Google's Billion Dollar Longevity Venture Calico appointed Machine Learning expert Daphne Koller to employ AI to the science of aging.
Adam Rifkin stashed this in Machine Learning
Big win for anti aging research, Calico, Alphabet, Google, and perhaps the world:
Calico, a company focused on aging research and therapeutics, today announced that Daphne Koller, Ph.D., is joining the company as Chief Computing Officer. In this newly created position, Dr. Koller will lead the company’s computational biology efforts. She will build a team focused on developing powerful computational and machine learning tools for analyzing biological and medical data sets. She and her team will work closely with the biological scientists at Calico to design experiments and construct data sets that could provide a deeper understanding into the science of longevity and support the development of new interventions to extend healthy lifespan.
“We have always believed that understanding how we age and developing therapeutics to address aging and age-related diseases would require a coming together of the research from great biologists and geneticists with the incredible advances that are being made in computational biology and machine learning,” said Arthur D. Levinson, CEO and Founder of Calico. “Over the past three years, we have focused on building a world-class team of scientists who are studying the biological pathways of aging. With Daphne, we are bringing to Calico not only one of the world’s foremost experts in machine learning, but someone with a deep passion for understanding how these new technologies could bring forth insights into the biology of aging and disease.”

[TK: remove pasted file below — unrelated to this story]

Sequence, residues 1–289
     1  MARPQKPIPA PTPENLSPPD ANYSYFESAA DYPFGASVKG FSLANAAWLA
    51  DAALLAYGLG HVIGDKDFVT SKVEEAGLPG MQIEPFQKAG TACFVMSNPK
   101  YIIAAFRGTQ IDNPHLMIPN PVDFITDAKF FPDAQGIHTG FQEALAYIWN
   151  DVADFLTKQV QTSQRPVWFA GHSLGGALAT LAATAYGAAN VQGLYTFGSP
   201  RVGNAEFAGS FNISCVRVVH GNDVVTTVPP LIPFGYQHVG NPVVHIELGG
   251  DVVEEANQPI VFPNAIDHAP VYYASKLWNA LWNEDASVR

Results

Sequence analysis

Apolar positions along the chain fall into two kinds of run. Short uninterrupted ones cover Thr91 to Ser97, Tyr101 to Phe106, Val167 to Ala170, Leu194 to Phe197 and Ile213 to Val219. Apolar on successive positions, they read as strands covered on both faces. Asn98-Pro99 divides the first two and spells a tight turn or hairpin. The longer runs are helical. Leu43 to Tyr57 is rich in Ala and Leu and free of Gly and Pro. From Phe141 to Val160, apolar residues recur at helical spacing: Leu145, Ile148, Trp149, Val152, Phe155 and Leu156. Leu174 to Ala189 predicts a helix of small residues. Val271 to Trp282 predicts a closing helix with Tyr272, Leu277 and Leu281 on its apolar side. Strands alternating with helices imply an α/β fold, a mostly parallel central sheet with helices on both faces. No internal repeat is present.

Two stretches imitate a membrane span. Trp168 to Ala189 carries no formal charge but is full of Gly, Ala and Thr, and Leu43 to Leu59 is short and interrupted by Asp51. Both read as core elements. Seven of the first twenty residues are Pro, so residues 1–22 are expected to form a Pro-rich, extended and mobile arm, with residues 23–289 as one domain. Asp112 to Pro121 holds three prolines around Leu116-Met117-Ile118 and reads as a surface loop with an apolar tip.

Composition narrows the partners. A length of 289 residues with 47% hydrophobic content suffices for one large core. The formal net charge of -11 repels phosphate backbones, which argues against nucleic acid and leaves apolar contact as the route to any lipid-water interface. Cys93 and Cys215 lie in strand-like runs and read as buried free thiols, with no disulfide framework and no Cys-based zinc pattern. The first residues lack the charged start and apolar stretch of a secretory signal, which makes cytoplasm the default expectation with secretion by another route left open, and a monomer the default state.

“The complexity and interdependencies of the various biologic processes that underlie aging and age-related diseases in humans are staggering, but need to be better understood if significant advances in medicine are to be made,” said Hal Barron, President of Research and Development at Calico. "Daphne and her team will work in close collaboration with the basic and translational scientists at Calico and partner with other machine learning experts, including the team at Google, to derive novel insights and effective interventions.”
“I am very excited to be joining the exceptional team at Calico and working closely with the company’s scientists and collaborators to develop and use advanced computational technologies and machine learning tools to better understand the biology of longevity and disease,” said Dr. Koller. “High-throughput experimental protocols are transforming biology into a data science. But the potential of the massive data sets that are and that could be produced will only be fully tapped via the development of powerful computational tools. I am looking forward to leading this initiative, and building a world-class team that can help analyze these data and make a significant impact on human health.”
Prior to joining Calico, Dr. Koller was President and co-founder of Coursera, a leading online education platform. Dr. Koller was recognized as one of Fast Company’s Most Creative People in 2014, Time Magazine’s 100 Most Influential People for 2012, Newsweek’s 10 Most Important People in 2010 and Huffington Post 100 Game Changers for 2010, among others. She is also a Presidential Ambassador for Global Entrepreneurship, at the invitation of President Obama and Secretary Pritzker.
Dr. Koller was also the Rajeev Motwani Professor of Computer Science at Stanford University, where she served on the faculty for more than 18 years. She worked in the area of machine learning and probabilistic modeling, with applications to systems biology and personalized medicine. She is the author of more than 200 refereed publications in venues that range from Science to the NIPS (Neural Information Processing Systems) conference.
She is the recipient of awards that include the Presidential Early Career Award for Scientists and Engineers (PECASE), the MacArthur Foundation Fellowship, the ACM/Infosys award, the IJCAI Computers and Thoughts Award (given biannually to an outstanding young scientist in Artificial Intelligence), and membership in the U.S. National Academy of Engineering and the American Academy of Arts and Sciences. Dr. Koller received her bachelor’s degree in math and computer science and master’s degree in computer science from the Hebrew University of Jerusalem. She received her Ph.D. in computer science from Stanford in 1994.